Darwin, Marx, Wagner: Critique of a Heritage (2nd Edition)

Darwin, Marx, Wagner: Critique of a Heritage (2nd Edition)

Jacques Barzun

Language: English

Pages: 405

ISBN: 0385093411

Format: PDF / Kindle (mobi) / ePub

This early work by Jacques Barzun is both expensive and hard to find in its first edition. It details the history and social influence of Darwin, Marx and Wagner during the nineteenth century. This fascinating work is thoroughly recommended for inclusion on the bookshelf of anyone interested in the influential figures of science, politics and the arts.
This is a wonderful book. Barzun, a Columbia historian, develops this thesis: the three cited in the title personify the mechanical materialism of their age as well as the ideology which caused this century so much grief. Essentially, these three symbolize the notion that moral values are illusions in our world of facts and that human will is helpless against the ineluctable laws of nature. These three men participated in the development of a world view which has had dire consequences for our age.

Barzun expands upon his thesis by dramatically portraying the central year of the development of mechanical materialism as 1859, the year in which Darwin published The Origin, Marx brought out Political Economy, and Wagner produced Tristan. Germane to this bibliography, all three were reluctant to credit their sources. Indeed, in the cases of Marx and Wagner, they insisted that they owed nothing to anyone, that their contributions were the result of their genius. Darwin was a bit more modest but he was also reluctant to admit his indebtedness to his grandfather Erasmus or to Lamarck; it was only late in life, after he had achieved great fame, that he admitted to have had sources for his ideas. The three focused on ideas which were, as it were, already in the air.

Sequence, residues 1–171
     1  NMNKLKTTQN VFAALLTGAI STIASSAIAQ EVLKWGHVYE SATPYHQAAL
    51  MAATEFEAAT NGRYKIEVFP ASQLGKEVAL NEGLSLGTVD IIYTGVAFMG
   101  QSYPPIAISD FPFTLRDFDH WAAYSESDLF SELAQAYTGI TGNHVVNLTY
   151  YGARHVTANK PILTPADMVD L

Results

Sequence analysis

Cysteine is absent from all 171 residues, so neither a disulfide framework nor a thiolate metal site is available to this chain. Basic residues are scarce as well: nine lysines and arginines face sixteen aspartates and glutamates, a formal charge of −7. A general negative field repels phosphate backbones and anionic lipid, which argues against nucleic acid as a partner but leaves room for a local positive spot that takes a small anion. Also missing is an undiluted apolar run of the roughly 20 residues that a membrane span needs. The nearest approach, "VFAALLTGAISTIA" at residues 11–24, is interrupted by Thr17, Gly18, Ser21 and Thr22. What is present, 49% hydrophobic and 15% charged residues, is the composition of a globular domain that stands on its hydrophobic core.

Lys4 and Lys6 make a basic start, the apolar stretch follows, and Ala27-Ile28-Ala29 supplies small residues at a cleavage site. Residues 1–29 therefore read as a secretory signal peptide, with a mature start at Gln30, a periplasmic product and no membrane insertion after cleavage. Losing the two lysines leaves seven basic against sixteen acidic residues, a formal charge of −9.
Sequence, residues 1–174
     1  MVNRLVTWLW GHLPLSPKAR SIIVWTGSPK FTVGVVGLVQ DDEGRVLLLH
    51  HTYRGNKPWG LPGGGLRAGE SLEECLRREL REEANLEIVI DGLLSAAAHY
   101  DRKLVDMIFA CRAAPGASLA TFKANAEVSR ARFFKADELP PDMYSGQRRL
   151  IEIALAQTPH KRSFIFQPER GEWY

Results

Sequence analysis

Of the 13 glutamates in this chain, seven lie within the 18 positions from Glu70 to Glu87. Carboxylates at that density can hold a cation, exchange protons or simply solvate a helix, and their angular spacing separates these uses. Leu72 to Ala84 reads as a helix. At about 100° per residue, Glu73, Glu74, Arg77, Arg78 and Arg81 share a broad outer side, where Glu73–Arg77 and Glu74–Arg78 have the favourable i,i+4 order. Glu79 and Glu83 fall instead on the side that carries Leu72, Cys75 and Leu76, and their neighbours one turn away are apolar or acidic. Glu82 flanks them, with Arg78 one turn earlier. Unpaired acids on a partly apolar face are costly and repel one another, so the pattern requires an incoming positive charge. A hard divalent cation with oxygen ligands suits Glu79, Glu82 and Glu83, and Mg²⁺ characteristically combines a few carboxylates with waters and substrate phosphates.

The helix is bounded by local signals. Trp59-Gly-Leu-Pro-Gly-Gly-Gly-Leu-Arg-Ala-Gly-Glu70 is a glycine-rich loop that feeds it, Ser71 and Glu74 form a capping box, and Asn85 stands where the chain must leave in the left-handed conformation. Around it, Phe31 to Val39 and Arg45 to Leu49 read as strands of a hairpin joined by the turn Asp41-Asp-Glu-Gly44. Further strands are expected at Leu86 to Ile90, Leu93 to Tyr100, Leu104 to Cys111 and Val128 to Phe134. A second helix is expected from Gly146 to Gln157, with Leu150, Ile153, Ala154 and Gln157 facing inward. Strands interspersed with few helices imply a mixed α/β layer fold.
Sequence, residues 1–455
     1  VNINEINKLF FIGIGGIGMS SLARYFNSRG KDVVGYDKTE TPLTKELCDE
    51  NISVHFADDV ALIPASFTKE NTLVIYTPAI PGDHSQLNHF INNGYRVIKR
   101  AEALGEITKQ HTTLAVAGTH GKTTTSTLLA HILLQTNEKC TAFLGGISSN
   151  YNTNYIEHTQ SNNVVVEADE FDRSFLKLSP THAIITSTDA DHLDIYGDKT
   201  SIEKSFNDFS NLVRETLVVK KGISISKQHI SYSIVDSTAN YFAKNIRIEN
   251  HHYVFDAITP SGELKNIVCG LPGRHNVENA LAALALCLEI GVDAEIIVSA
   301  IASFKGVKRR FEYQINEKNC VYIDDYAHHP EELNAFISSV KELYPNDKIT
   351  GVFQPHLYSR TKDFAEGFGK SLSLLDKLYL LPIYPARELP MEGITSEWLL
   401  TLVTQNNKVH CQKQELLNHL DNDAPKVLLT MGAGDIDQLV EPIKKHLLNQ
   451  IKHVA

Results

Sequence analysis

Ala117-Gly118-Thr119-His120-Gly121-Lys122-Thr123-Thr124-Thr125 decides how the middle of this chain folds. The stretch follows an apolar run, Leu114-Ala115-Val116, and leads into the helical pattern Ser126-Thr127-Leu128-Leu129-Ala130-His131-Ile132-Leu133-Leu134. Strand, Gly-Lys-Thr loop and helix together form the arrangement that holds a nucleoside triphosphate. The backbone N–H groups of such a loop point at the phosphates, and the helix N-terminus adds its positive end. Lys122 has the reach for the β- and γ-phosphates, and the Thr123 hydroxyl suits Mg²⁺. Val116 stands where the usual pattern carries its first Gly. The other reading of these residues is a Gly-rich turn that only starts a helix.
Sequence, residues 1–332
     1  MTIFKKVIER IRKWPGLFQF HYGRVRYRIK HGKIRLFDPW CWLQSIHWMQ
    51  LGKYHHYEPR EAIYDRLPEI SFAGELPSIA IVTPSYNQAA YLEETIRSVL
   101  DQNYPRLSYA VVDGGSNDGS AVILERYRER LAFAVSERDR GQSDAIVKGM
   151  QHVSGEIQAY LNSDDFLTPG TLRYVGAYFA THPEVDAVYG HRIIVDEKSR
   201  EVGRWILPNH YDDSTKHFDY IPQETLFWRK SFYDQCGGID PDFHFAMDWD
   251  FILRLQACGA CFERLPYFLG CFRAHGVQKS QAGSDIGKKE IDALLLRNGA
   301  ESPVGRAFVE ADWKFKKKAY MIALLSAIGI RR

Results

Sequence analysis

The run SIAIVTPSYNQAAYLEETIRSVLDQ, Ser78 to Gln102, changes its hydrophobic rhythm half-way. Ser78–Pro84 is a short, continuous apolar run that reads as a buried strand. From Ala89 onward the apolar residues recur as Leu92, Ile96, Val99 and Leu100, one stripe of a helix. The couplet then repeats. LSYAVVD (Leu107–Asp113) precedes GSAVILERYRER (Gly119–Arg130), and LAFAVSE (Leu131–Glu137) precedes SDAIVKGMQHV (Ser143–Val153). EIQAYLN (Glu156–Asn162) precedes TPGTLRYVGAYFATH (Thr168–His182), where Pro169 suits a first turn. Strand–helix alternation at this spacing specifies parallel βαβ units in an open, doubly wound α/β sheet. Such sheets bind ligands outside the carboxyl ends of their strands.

The time was ripe for the notion of evolution, for the growth of class warfare (struggle), and for the form of the musical drama and its nationalism. To put the matter simply, the three men took up the ideas which surrounded them and formed them in new ways, using new metaphors. They did not make "original" contributions.

Concerning their works: "When their systems are examined they appear, usually, almost
incredibly incoherent, both in thought and in form. Of the many books which Darwin, Marx, and Wagner have left us not one is a masterpiece... Imperfectly aware of their intellectual antecedents and impatient of exact expression, they jumbled together a bewildering collection of truths and errors and platitudes. They borrowed and pilfered without stint or shame, when the body of each man's work stands as a sort of Scripture, quotable for almost all purposes on an infinity of subjects."

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Bacon and Galileo and grown strong by the mid-nineteenth century, prepared the ground for the work and the glory of our three men. What impressed their first adherents was the "painstaking." All three could (and did) boast of their heroic toil, their minute care, over small things, the one, in the observation of nature; the other, in the facts of history and economics; the third, in philosophy, history, esthetics, and the mosaic task of composition not the making of mere operas but the

general views prevail. For at cer tain moments wfll not do to be too in history (think of political elections) it clear. Straightforward assertion and distinct theory are a handicap. It is better to throw a haze of seeming explanation about a difficult problem, particu one can do it unaware. Darwin thus often benefited from larly if his arguments in a Natural Selection benefited from Darwin s confused words about the origin of random variations in circle, just as animals. He

precisely what Spencer, Huxley, and Tyndall this confused science implies a clear philoso But phy. As philosophers, it is true, all three men repel in so 2 Communicated by Professor Lodge, Science and Art Depart ment, South Kensington; H. B. Wheatley, Literary Blunders, 186-87. THE USES OF DARWINISM 89 many words the doctrine of materialism. How then did their teachings come to stich a bad end in a frozen pipe? Huxley gives us the clue when he says that he teaches a doctrine which is

other words, how do the nch, paying for things at their correct value, get richer while the poor stay poor? That is the riddle is it 1 that capitalist profit Le., the is which comes from the fact that a hundred "surplus" working together create more than they would if each worked independently at the same trade This surplus is what is appropriated through ownership. men HOW THE SYSTEM WORKS capitalism propounds. Marx s answer 1 is exchanges the correct value for capitalist

reading Darwin. JKarf ffa>$ his feudatory artiek "the "real

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